Nicole Pergament Crona
#II. inside animals / animals inside
ii. a bestiarium vocabulum – the horse
And each horse, whether jumping, trotting, racing, hitched in a troika, each one of them knows precisely the extent of human stupidity, knows that for all these 3000 years horses and people have spent together, everything could have been different.[i.]
The Russian author, filmmaker, and horseman, Alexander Nevzorov, condemns the way in which Man has made use of the horse ever since we first started to employ this animal for our own purposes. But more than anything else he condemns equestrian sports. Nevzorov predicts a future in which equestrian sports will be outlawed and our grandchildren will try to forget this “shameful practice of man’s biography”; they will “burn of shame” thinking of this practice of the past, as we are ashamed now thinking of slavery or concentration camps.[ii.] A “horse revolution” is coming, Nevzorov claims, and the fight has already begun; it is a fight between two completely different views regarding the horse and its relation to humans.[iii.]
Even though Nevzorov is a controversial person whose opinions are rather provocative to many people – there are even those thinking that he “asks to be shot” – he still has followers and official representatives in several countries across the world, including Sweden.[iv.] There are also other prophets, besides Nevzorov, predicting a future “paradigm shift”.[v.] Still, I cannot say myself, overlooking the equine world of today, that I see any real signs of a coming “revolution”. On the contrary, contemporary equine scientists have highlighted the difficulties in impelling people in the equestrian world to adjust to current scientific findings concerning the wellbeing of horses.[vi.] And within human-animal studies (HAS),[vii.] as well as within the post humanistic field in general, it has been pointed out that we still lack knowledge of how animals can be recognized as subjects and agents with the possession of cognitive and social abilities.[viii.] But even if it is hard to find any signs of a coming equine revolution in a literary sense, there are, luckily, signs of an ongoing and pervasive change of attitudes in today’s horse-human relationship.
This article is based on my master thesis in ethnology,[ix.] in which I set out to examine what I – with an obvious wink to the French revolution – chose to call egalitarian equine communities. Egalitarian, since they are aiming for equality – not for themselves, but for horses. Although these communities showed to be not as condemning of man’s use of the horse as Nevzorov, most of their members have still abandoned all kinds of contesting activities involving horses. They are also critical against many of the values of the formal equestrian world since they regard these values to be constituted by the nineteenth hundred’s cavalry riding, when training and conditioning of the horse aimed for the horse’s obedience and subordination. Instead, their aim is to acknowledge the horse as a subject. But how is this acknowledgement expressed and practiced? And what are the implications?
The study included participant observations as well as interviews conducted in Sweden in 2018 and 2019 with thirteen horsepersons,[x.] all of them being what I consider as egalitarian. They were between twenty-seven and sixty-nine years old, and all but one were females. Most of them were or had been horse-owners, and a majority kept horses back at their farms. Four of them were professional horse trainers and/or riding instructors. All of them were riders and had experiences from formal riding schools. However, seen through the lens of a phenomenological HAS perspective,[xi.] my point of departure is that when studying the horse-human relationship, a focus on the human as a rider not only confirms the traditional view of what constitutes a relation between the two species; it also supports a taken for granted assumption that the horse is a being meant to be mounted. As already mentioned, the egalitarian ambition is to acknowledge horses as subjects. That means giving them a greater portion of agency, something that implies the right to say no – even to be ridden. Therefore, unlike many other studies, commonly focused on the relation between the horse and the rider, my study examined the interaction between the horse and the human, that is, the relation as a whole, regardless of where and how it takes place – whether the human has her feet on the ground or is sitting on top of her companion.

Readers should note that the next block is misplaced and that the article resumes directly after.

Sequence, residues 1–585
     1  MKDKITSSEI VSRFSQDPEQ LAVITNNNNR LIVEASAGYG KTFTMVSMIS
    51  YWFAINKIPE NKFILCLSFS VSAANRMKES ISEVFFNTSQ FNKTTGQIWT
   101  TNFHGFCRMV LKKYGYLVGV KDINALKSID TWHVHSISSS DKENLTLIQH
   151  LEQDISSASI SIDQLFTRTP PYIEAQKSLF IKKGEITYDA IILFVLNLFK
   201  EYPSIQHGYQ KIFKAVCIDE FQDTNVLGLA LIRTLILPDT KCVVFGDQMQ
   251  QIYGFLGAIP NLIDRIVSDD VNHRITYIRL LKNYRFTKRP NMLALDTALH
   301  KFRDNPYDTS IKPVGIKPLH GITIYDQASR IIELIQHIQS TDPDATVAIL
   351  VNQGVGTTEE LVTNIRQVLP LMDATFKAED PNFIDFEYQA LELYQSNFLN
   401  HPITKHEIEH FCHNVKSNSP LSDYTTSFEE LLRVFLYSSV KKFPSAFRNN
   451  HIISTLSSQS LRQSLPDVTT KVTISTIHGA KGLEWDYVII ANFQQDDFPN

The egalitarian communities can be understood as a reaction against the “interpretive precedence” of the Swedish Equestrian Federation and its subdivisions – the riding schools and the riding clubs. Not only have these institutions dominated equestrian education in Sweden for generations, but they have also decided over what is understood as “good” and “bad”, “right” and “wrong” in the equestrian world.
However, since the end of the nineties, we have seen a wider range of knowledge distributors in the Swedish equine world. For those who never felt comfortable with the military legacy of the equestrian context, the internet offered alternative equine identities, informal knowledge providers, and new “truths”. According to sociologist Peter L. Berger and Thomas Luckmann, anti-definitions of reality, as well as of identity, emerges as soon as a few such individuals start to gather in socially durable groups.[xii.] This is the first impulse for a change process to start, something that enables a more complex knowledge distribution. As a result, an anti-reality might start to be objectified and these marginalized social groups will soon start their own processes of socialization.